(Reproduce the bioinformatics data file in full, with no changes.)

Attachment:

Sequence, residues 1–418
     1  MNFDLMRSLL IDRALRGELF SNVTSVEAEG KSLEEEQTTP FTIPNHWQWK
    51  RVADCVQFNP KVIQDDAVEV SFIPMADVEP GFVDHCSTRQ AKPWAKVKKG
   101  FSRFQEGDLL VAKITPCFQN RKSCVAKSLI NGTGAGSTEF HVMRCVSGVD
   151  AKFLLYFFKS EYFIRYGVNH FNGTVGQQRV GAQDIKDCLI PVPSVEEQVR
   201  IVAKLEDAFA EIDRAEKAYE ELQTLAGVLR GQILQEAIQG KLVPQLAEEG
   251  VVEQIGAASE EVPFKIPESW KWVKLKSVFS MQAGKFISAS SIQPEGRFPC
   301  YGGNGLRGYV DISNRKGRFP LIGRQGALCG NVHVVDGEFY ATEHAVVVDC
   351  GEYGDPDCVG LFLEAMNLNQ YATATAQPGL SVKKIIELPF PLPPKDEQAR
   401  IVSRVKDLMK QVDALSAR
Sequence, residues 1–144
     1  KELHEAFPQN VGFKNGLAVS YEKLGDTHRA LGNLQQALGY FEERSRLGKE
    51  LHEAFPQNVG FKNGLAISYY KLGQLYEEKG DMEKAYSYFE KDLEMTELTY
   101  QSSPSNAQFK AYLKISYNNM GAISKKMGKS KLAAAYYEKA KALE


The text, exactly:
Sequence, residues 1–418
     1  MNFDLMRSLL IDRALRGELF SNVTSVEAEG KSLEEEQTTP FTIPNHWQWK
    51  RVADCVQFNP KVIQDDAVEV SFIPMADVEP GFVDHCSTRQ AKPWAKVKKG
   101  FSRFQEGDLL VAKITPCFQN RKSCVAKSLI NGTGAGSTEF HVMRCVSGVD
   151  AKFLLYFFKS EYFIRYGVNH FNGTVGQQRV GAQDIKDCLI PVPSVEEQVR
   201  IVAKLEDAFA EIDRAEKAYE ELQTLAGVLR GQILQEAIQG KLVPQLAEEG
   251  VVEQIGAASE EVPFKIPESW KWVKLKSVFS MQAGKFISAS SIQPEGRFPC
   301  YGGNGLRGYV DISNRKGRFP LIGRQGALCG NVHVVDGEFY ATEHAVVVDC
   351  GEYGDPDCVG LFLEAMNLNQ YATATAQPGL SVKKIIELPF PLPPKDEQAR
   401  IVSRVKDLMK QVDALSAR
Sequence, residues 1–144
     1  KELHEAFPQN VGFKNGLAVS YEKLGDTHRA LGNLQQALGY FEERSRLGKE
    51  LHEAFPQNVG FKNGLAISYY KLGQLYEEKG DMEKAYSYFE KDLEMTELTY
   101  QSSPSNAQFK AYLKISYNNM GAISKKMGKS KLAAAYYEKA KALE